You’ve found a home you love, complete with a spacious kitchen, the right number of bedrooms and a yard. So how do you get from serious shopper to happy homeowner? By taking out a mortgage to finance the purchase. Here’s what you need to know about the mortgage underwriting process.
You may have heard the term before, but what does underwriting mean exactly? Mortgage underwriting is what happens behind the scenes once you submit your application. It’s the process a lender uses to take an in-depth look at your credit and financial background to determine if you’re eligible for a loan.
Here are the steps in the mortgage underwriting process and what you can expect.
The first step is to fill out a loan application. The information you provide will help determine if you’re eligible for a loan. Since every situation is unique, the exact documents you’ll need may vary. You’ll likely need to provide:
Our online application process is a safe and secure way to get started on your mortgage application from your smartphone or computer. After you sign up, you’ll answer simple questions along a guided path and easily import or upload documents. You can start your application on your own, or with the help of a mortgage loan officer. Within three business days of submitting your complete application, your lender will deliver a Loan Estimate (LE) showing your estimated closing costs.
We’ll confirm your personal and financial information, pull your credit, and then a mortgage loan officer will connect with you about the results.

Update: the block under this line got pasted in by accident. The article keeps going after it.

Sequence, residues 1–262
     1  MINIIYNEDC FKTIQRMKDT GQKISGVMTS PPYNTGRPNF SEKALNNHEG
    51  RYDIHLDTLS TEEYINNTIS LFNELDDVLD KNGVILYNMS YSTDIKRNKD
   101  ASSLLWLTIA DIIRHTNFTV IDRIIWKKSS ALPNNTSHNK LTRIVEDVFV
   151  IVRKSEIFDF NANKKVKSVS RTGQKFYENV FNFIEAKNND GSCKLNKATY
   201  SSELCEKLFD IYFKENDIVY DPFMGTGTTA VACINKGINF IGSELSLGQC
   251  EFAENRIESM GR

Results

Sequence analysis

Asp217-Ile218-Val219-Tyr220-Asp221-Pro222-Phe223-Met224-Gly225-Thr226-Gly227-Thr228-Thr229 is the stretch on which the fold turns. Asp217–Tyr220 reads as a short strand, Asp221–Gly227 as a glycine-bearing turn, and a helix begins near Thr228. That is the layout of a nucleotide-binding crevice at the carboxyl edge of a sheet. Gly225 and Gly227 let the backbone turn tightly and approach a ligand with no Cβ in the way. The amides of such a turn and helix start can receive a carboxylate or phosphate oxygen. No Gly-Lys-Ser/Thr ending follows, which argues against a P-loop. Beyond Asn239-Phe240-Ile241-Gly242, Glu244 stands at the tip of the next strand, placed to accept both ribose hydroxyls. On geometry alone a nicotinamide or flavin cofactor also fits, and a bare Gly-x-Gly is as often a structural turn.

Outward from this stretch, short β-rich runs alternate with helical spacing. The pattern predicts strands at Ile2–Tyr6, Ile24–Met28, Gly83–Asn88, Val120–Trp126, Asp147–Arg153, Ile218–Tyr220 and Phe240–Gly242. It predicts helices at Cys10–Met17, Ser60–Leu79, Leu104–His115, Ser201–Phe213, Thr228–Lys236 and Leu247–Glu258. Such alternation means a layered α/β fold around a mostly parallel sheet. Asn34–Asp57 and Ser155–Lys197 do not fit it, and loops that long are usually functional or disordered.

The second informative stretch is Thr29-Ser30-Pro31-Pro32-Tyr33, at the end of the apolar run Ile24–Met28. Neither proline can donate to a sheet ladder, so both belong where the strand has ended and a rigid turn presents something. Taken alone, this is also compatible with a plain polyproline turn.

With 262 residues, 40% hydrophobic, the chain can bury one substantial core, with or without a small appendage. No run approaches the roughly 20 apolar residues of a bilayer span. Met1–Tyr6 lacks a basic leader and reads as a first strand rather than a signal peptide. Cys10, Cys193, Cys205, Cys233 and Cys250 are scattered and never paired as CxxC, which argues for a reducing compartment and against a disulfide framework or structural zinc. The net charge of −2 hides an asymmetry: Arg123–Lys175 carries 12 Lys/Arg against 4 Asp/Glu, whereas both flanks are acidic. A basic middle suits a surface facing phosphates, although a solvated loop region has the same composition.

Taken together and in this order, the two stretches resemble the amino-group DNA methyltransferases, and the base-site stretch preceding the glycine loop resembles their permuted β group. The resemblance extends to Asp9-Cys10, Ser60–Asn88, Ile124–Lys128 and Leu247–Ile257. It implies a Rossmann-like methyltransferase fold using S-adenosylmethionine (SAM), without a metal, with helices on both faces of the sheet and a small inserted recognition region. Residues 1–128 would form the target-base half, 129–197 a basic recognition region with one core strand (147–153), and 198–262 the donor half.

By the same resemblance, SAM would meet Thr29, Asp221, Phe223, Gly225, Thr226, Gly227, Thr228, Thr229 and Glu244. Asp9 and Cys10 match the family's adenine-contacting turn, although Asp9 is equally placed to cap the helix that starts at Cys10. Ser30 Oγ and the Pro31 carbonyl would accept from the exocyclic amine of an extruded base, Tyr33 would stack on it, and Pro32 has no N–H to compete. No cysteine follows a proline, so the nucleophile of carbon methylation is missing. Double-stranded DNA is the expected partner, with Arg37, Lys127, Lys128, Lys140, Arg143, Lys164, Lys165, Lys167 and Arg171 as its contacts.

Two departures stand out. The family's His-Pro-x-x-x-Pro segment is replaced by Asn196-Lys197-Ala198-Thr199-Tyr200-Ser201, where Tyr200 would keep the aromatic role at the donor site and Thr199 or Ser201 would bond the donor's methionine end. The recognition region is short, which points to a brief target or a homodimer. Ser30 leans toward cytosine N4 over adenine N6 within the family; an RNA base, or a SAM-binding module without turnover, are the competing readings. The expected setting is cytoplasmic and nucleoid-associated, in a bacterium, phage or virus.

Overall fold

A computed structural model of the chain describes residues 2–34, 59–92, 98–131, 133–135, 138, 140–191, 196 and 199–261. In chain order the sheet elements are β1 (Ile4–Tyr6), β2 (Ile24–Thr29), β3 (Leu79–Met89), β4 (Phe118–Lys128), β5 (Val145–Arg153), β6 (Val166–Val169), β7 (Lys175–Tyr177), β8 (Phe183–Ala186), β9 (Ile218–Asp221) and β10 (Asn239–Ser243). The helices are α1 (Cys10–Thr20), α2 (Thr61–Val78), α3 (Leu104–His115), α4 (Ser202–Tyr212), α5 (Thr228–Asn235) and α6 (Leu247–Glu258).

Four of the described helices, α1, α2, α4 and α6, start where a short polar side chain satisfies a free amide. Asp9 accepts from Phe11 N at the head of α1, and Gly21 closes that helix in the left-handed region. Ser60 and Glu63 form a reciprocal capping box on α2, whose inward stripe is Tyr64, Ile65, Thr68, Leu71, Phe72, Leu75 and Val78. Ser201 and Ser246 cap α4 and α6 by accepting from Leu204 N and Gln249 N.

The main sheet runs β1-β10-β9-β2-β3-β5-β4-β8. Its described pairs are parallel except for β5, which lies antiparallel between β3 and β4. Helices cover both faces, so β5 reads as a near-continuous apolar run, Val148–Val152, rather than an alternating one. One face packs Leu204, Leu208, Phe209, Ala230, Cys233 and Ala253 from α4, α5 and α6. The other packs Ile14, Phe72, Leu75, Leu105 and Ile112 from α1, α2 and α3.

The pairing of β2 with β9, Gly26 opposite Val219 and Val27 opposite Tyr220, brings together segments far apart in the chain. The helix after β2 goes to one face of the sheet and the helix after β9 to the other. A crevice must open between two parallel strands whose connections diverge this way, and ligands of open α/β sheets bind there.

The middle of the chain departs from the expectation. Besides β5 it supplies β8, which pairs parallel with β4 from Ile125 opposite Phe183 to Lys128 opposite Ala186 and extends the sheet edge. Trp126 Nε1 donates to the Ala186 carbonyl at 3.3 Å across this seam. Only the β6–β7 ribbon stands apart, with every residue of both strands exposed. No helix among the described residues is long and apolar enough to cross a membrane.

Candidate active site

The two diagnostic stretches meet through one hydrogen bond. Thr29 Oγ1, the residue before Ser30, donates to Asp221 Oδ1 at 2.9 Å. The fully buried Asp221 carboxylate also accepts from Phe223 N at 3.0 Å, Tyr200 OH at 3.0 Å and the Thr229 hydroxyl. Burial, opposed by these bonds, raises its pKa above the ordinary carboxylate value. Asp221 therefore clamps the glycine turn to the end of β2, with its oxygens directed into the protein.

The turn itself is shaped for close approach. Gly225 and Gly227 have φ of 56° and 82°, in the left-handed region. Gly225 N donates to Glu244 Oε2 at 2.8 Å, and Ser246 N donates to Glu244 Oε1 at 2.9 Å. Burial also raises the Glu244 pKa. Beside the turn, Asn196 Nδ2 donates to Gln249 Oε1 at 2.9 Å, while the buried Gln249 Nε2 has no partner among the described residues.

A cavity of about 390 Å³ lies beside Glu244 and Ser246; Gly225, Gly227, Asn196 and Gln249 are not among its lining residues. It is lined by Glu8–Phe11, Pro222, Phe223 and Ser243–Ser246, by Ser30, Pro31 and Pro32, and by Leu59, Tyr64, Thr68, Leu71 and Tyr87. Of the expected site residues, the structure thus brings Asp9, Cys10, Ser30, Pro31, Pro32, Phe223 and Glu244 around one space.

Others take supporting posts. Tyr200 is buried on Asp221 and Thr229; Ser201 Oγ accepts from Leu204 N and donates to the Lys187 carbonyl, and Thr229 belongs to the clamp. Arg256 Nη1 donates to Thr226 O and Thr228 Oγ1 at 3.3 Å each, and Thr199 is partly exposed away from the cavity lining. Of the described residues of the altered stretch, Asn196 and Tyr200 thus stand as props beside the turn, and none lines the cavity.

Once you’ve submitted your application, a loan processor will gather and organize the necessary documents for the underwriter. A mortgage underwriter is the person that approves or denies your loan application. Let’s discuss what underwriters look for in the loan approval process. In considering your application, they look at a variety of factors, including your credit history, income and any outstanding debts. This important step in the process focuses on the three C’s of underwriting — credit, capacity and collateral.
One of the most important factors in the mortgage approval process is your credit history. The underwriter will review your credit report to see how well you made payments on, or paid off car loans, student loans and other lines of credit. They look for clues that will help them predict your ability to pay back what you borrow.
When trying to determine whether you have the means to pay off the loan, the underwriter will review your employment, income, debt and assets. They’ll look at your savings, checking, 401k and IRA accounts, tax returns and other records of income, as well as your debt-to-income ratio. They want to see that you, and any co-borrowers, have the ability to make the payments both now and in the future.
Using the current market value of the home, the underwriter will make sure it serves as ample collateral for the loan. This assures the lender that they can recover the unpaid balance in the case of a default. The underwriter may use an appraisal or other form of valuation to assess the home’s worth.
A valuation of the property is required to confirm the home’s value aligns with the purchase price. The value of a home is determined by the size, location, condition and features of the property. Comparable homes in the neighborhood also help conclude its value.